I have a tradition of doing a little analysis on one of my favorite movie franchises to celebrate Star Wars Day (May the Fourth Be With You). Given that Rogue One: A Star Wars Story recently appeared on DVD and various streaming services, I think its OK to look at that film without worrying about spoilers. In this case, I will calculate Darth Vader’s power output as he uses the Force.
If you’ve seen the movie, you know about the awesome scene at the end where the Sith Lord opens a can of whoop ass on some Rebel troopers. Vader uses the Force to pin a rebel against the ceiling and hold him there for just a while before slicing him with his light saber. That seems excessive, but I guess Vader wanted to make the rebel wait awhile before killing him because the Dark Side makes you cranky.
To calculate the power needed to lift this poor fellow, I can estimate how high Vader lifts him and at what speed. If I guess that the rebel is 1.75 meters tall (the average height of a man here on Earth, so I’ll assume the same holds true on whatever planet the rebel calls home) then I can get an approximate scale for the scene. With that, I can use video analysis to plot the vertical position of the rebel as a function of time:
Just to be clear, I am using Tracker Video Analysis to get data from this video. But you can see from this plot that the rebel rises at nearly constant speed. Using the slope of this line, I get an upward velocity of about 3.3 m/s. The video provides another important measurement—how high the rebel rises. Based on the graph (which plots his approximate center of mass), Vader lifts him about 1.5 meters. Oh, wait! I need just one more thing—the time it takes Vader to lift the guy. This whole motion takes about 0.46 seconds.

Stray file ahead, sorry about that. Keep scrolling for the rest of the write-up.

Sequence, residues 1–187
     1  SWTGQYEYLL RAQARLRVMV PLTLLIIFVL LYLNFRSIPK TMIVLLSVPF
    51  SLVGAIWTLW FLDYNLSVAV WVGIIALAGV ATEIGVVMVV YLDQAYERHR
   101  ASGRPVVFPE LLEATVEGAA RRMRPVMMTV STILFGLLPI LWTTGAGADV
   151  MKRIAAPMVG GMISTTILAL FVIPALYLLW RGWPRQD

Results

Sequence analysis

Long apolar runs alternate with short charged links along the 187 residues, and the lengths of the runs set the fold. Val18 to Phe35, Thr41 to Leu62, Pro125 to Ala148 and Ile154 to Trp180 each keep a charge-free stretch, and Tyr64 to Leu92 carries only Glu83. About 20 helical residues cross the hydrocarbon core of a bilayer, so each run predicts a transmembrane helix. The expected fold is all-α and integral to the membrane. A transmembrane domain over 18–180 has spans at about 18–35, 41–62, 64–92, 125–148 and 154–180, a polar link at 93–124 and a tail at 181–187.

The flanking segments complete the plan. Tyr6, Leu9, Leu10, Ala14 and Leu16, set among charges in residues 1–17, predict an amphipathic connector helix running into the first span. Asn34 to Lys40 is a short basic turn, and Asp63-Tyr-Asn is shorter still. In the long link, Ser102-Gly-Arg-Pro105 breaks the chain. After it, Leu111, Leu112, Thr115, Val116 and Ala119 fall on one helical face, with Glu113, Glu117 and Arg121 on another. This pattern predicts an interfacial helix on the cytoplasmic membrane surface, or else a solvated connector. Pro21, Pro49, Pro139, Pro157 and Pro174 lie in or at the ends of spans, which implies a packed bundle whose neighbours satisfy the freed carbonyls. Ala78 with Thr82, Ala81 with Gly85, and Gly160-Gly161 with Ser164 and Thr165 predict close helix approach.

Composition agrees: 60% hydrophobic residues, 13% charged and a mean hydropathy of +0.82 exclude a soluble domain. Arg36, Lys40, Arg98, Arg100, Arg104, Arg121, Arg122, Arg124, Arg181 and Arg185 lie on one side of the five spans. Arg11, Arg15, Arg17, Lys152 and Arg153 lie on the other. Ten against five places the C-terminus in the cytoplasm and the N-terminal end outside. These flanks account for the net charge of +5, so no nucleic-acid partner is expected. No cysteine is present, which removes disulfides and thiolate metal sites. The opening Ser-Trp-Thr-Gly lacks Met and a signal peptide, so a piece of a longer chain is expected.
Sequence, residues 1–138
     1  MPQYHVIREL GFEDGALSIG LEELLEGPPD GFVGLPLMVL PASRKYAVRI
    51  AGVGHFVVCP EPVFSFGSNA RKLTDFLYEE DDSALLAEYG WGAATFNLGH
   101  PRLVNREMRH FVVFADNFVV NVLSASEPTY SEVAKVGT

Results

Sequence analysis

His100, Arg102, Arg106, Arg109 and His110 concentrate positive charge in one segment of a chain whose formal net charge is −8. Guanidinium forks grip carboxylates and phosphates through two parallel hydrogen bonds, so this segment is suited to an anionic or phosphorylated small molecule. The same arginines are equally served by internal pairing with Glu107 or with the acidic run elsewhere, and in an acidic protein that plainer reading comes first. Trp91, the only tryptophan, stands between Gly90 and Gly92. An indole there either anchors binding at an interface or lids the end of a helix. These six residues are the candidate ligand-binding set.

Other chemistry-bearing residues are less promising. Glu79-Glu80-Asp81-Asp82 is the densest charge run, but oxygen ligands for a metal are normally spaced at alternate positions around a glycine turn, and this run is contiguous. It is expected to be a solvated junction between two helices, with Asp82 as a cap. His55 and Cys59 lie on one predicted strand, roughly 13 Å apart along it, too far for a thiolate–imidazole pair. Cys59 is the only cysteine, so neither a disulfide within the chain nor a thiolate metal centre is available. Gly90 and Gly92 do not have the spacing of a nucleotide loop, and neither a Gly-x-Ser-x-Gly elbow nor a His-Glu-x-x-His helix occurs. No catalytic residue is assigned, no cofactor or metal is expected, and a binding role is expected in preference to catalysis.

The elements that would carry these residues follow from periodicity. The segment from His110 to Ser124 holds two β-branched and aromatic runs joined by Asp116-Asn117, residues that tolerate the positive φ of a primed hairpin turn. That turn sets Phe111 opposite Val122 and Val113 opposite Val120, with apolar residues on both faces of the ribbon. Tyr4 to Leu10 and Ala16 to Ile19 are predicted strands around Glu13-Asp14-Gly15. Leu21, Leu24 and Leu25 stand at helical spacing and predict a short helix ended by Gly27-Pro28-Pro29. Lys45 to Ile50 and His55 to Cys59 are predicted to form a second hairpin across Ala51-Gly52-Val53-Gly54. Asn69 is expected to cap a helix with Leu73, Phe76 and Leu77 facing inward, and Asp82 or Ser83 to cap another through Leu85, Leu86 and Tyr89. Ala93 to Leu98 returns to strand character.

Now for some physics. Let me start with power, defined as the rate at which work is done. Mathematically, it looks like this:
I can determine the work done by Darth Vader by looking at a system consisting of the rebel and the ship (I assume the ship uses some method of generating Earth-like gravity). The work-energy principle dictates that the work done on a system is equal to its change in energy. The rebel-ship system exhibits two types of change in energies—kinetic energy and gravitational potential energy:
Knowing the velocity and the change in vertical position, all I need is the mass of the rebel. Again, assuming he is a fairly ordinary person (and he must be; if he were extraordinary, he surely would have found a way to avoid getting killed), he has a mass of around 70 kg. I also can assume the inside spaceship has a gravitational field of about 9.8 N/kg (just like on Earth, where Gareth Edwards filmed this). Putting in these values, Darth Vader does 1,410 Joules of work. Because he does this in just 0.46 seconds, he has an output of 3,065 watts. That is the power of the Force.